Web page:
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Letter from New York, 4-14: Lapses
Flowing in the light with Sperling; drowning in it with Sadia-Lavant

Jody Sperling / Time Lapse Dance. Photo ©Julie Lemberger and courtesy Tribeca Performing Arts Center.

By Philip W. Sandstrom
Copyright 2010 Philip W. Sandstrom

NEW YORK -- The pre-show screening of comedic black and white silent movies, of the art house variety, befittingly accompanied by canned piano music, set a near perfect tone for the bifurcated tenth anniversary season of Time Lapse Dance at the Tribeca Arts Center.

Jody Sperling, Time Lapse's choreographer and founder, splits her dance creations between two distinct genres: comedic situations and imagistic impressions. The comedy is simple, sometimes droll, and yet funny in a pun-like way. The impressions consist of homages to and re-imaginations or re-inventions of the legendary late 19th, early 20th century choreographer Loie Fuller, who manipulated voluminous panels of diaphanous fabric with special, hidden, lightweight wooden extensions of her own invention, which greatly increased the reach of her arms and body and combined them with the expressive use of light, unique visual effects, and dance. Sperling, inspired by Fuller, uses similar techniques as she creates her extraordinary images by propelling fabric in an endlessly flowing, complex and spiraling, cascading fashion which, fused with colorful and inventive lighting and expressive dancing women, create magical images of turbulent clouds, fluttering wings, whipping cream, cotton candy, and flight itself. Considering that very few moving images of Fuller's work exist, and the few photographs are still black and white images, it is safe to ascribe a fair degree of originality to Sperling's work.

Opening the concert (which I caught February 21) with "Clair de Lune," described in the program as a tribute to Fuller, Sperling, as performer and choreographer, aided by lighting designer David Ferri, provided inspirational majesty and powerful images of a woman in charge roaring through a darkened universe propelled by her gentle wings like one of Oden's 12 handmaidens. She sought her fallen warrior for transport to Valhalla. This was quintessential imagistic Sperling, a masterful work of resplendent yet restrained evocation of the supernatural.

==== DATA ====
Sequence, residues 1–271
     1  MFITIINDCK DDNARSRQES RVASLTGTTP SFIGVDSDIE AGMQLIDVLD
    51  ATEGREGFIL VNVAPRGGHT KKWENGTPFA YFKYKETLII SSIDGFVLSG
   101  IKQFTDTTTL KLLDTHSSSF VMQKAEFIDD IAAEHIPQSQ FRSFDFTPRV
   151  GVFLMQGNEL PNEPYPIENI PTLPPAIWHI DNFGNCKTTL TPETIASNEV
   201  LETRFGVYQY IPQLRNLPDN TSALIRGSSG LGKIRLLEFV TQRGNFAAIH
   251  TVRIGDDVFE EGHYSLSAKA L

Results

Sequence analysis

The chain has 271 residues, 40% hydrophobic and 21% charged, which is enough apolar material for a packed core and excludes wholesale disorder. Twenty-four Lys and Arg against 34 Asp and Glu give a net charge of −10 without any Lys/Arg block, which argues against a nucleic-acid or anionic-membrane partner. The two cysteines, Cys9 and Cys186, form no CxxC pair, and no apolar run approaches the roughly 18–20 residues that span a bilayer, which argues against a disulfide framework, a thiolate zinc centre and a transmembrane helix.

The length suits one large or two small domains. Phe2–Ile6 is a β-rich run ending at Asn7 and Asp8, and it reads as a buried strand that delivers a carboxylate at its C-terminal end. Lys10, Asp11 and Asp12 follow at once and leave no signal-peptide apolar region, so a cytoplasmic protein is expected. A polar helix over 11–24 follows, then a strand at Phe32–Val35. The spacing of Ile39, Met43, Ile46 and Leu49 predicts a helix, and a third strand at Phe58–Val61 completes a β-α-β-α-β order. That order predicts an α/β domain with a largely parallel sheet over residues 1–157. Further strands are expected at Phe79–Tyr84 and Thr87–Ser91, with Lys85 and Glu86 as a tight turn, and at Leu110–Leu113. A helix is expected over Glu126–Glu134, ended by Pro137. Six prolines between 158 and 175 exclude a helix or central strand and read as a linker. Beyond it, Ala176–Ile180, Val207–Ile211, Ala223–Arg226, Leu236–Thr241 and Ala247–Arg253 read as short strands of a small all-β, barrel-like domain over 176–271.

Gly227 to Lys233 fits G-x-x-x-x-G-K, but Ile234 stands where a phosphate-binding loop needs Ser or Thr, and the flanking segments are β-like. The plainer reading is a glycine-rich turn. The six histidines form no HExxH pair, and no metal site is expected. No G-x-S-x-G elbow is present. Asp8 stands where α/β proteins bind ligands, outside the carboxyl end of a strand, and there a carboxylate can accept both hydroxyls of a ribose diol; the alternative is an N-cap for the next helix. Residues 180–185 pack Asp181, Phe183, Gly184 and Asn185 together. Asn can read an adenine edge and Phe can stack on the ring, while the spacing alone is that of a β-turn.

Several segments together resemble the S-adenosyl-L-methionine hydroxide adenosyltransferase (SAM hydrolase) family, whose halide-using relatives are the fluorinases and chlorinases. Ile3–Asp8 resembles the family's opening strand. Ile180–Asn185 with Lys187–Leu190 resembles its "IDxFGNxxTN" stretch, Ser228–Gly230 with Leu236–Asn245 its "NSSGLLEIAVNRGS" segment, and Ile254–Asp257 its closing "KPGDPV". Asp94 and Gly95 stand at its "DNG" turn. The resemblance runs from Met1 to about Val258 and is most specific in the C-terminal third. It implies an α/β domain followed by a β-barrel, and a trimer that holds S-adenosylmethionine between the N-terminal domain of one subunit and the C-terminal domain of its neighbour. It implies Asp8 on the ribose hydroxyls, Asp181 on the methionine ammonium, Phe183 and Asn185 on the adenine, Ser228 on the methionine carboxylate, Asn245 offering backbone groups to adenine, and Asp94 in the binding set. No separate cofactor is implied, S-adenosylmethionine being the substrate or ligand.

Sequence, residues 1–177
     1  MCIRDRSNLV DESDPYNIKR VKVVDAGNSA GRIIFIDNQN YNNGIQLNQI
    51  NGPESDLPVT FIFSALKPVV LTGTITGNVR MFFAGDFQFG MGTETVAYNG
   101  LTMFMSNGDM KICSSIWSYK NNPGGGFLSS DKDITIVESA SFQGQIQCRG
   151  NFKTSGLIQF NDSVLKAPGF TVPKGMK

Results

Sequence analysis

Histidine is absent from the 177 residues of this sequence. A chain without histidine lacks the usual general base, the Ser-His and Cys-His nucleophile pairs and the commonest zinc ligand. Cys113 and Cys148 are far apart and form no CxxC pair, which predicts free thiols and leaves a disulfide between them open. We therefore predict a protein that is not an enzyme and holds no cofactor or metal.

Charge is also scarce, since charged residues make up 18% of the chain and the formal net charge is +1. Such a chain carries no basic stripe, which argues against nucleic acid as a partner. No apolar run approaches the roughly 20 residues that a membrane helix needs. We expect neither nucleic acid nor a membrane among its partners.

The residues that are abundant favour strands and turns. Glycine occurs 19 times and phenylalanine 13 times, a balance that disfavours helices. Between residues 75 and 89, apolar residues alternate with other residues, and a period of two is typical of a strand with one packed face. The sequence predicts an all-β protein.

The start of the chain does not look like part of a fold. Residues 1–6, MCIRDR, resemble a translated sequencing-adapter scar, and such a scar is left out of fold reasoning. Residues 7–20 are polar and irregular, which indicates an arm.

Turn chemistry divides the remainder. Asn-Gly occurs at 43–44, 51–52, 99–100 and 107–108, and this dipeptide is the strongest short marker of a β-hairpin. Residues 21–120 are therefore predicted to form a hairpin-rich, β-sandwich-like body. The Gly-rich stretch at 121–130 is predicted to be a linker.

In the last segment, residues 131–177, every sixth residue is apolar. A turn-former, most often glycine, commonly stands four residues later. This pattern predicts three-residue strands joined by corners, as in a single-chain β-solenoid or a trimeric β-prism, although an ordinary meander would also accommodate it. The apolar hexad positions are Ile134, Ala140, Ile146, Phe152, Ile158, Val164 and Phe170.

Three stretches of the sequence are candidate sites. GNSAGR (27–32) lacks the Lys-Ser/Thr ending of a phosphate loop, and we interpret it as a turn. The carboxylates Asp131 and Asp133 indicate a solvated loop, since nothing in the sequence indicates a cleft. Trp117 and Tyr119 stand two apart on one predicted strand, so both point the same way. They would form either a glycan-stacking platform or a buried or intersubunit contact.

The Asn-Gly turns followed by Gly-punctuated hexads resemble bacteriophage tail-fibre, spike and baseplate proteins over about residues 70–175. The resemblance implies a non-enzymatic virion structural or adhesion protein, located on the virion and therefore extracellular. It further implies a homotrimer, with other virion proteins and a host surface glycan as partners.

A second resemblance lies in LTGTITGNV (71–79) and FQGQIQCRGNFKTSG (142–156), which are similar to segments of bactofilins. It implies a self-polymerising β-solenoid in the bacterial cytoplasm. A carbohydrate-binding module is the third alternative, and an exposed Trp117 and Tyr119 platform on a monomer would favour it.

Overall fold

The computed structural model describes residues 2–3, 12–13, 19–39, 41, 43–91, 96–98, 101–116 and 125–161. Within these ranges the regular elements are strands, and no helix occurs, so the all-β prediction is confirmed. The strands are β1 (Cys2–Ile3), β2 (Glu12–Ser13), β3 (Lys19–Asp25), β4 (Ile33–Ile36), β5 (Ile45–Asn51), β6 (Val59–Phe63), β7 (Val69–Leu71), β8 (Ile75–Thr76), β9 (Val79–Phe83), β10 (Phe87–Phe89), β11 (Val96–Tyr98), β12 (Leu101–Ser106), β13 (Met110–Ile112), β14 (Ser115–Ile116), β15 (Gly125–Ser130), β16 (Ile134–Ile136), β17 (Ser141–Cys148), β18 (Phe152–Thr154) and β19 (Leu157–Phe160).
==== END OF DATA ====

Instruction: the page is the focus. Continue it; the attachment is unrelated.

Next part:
Jody Sperling / Time Lapse Dance. Photo ©Julie Lemberger and courtesy Tribeca Performing Arts Center.

Continuing in the vein of Fuller, for the three-part "Forms of Dilemma," a premiere, Sperling mines the essence of Fuller and explodes the genre into a quartet, trio, and solo variations. With the bold use of the cyclorama, on which were projected shadows of moving dancers from the front and the rear, Sperling toyed with size, proportion, and motion while Ferri manipulated color on the cyc and on the dancers' white costumes. The result was an arresting melange of cloth, dancers, and color, with the confluence of shadows looming large and small often working in counterpoint to the dance onstage. The delightful confusion created imaginative optical illusions, which supported the action by appearing to alter the affective presence of shadow and the visible dancer. This imaginative idea worked best as three dancers formed shadows behind the cyc while a singular dancer created her own shadows from the front as she interacted with the shadows from behind. Danced by Joori Jung, Krissy Tate, Chriselle Tidrick, and Sperling, it all made for an orgy of portraiture which often overwhelmed the powers of perception.

As a departure, "Satellite," an aerial work featuring Rachel Slazman, broke new ground in the Sperling repertory, but was unfortunately limited by the physical nature of the rope itself. Dressed in a long flowing white costume lit with rich colors, Slazman was reduced to working herself up and down in suspension, often swinging in mid-air. It was a spatial disappointment.